Charlie Louvin: After the song was finished, it hadn’t been released yet. They wanted to put out an album, and we asked if we could make Satan is Real the album title. We got the okay on that. My and Betty’s oldest son had a Lionel train on a four by eight foot piece of plywood. At the time, money was scarce, so we removed the train from the plywood, cut it in two and made Satan sixteen feet tall. We pictured Satan as having a pitchfork and horns; that’s what we were told when we were kids, but I find that it’s not true: I’m pretty sure I saw Satan the other day in a bikini on the beach.

1.21.2009

Scenes From A Mall (and the Surrounding Area)

My reasoning went something like this: If I'm gonna live a life where I take a Greyhound from New York to Charlotte for a wrestling convention, wait on line for two hours to get a picture with Corey Haim, and head out in a vicious rainstorm to see Dustin Diamond do stand-up, then I'm gonna need a really good reason why I shouldn't attend the inauguration of Barack Obama.

Distance wasn't really a factor, since D.C. was only about four-and-a-half hours away.

Transportation was a similar nonissue, as there are plenty of buses and trains that head into D.C. every day. And, all things considered, the price of such transport was pretty reasonable

The weather? Well, yeah, that would be rough. But I spent my college years in a city where a walk from one end of the campus to the other could leave you crying as the winds pried open every tear duct you had. So I was prepared for that and was well-versed in the art of layering.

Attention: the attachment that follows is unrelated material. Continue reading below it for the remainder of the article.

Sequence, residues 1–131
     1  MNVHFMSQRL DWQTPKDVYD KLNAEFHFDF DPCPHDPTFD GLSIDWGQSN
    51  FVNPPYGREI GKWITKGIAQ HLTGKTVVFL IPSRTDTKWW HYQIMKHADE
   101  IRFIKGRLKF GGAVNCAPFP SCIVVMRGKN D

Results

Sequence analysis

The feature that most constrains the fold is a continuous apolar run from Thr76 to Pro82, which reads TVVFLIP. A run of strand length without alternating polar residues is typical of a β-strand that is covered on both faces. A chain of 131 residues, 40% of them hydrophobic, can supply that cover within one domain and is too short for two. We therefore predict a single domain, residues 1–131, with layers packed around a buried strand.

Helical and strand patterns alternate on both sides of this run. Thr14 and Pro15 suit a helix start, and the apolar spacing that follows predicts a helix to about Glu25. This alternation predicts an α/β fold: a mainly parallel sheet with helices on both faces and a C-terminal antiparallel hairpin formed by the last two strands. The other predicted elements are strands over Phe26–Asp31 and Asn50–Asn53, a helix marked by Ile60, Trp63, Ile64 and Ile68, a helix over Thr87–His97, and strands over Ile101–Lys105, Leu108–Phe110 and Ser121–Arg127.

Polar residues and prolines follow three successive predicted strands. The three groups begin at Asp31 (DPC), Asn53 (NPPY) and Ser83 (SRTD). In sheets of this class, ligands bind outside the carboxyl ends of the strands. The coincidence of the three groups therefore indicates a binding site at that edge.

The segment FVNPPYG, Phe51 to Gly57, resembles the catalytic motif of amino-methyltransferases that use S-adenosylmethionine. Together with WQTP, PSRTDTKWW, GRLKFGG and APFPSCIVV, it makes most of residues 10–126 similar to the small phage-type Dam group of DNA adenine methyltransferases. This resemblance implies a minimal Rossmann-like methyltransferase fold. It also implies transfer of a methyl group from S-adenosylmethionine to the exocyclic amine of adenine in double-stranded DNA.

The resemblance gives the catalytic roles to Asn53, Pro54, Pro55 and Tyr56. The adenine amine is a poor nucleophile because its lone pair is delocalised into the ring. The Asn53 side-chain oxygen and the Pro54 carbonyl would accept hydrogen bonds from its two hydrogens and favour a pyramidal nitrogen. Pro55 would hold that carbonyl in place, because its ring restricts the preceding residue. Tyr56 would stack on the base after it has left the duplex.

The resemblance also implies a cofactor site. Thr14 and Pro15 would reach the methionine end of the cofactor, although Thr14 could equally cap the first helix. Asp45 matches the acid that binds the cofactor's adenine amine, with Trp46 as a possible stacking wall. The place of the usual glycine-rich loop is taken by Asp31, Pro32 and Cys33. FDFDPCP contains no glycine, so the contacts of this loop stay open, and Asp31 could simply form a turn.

So, knowing full well what I was getting into, and with a place to crash Monday night (thanks, Ellis family!), there was in fact no good reason not to bear witness to one of the more historic days in the nation's history. Even though, much like my good buddy Alan Jackson, I'm not a real political guy, I'd been to Clinton's first inauguration, with a bus full of guys in high school I didn't like (one of whom put a battery in my mouth when I fell asleep on the bus), and had memories of how cool that was (despite getting lost afterward). I had the feeling Obama's day, and being among the potential millions of deliriously overjoyed on the Mall, might be a touch cooler.

That's how I got to Washington.

There are people better versed in political history and, indeed, more invested in President Obama's political career who can fully explain the import of the day. But what I can do, aside from show you pictures, is tell you the following:

* The thunderous sound of millions of gloved hands clapping during pauses in Obama's address is a sound I will never forget.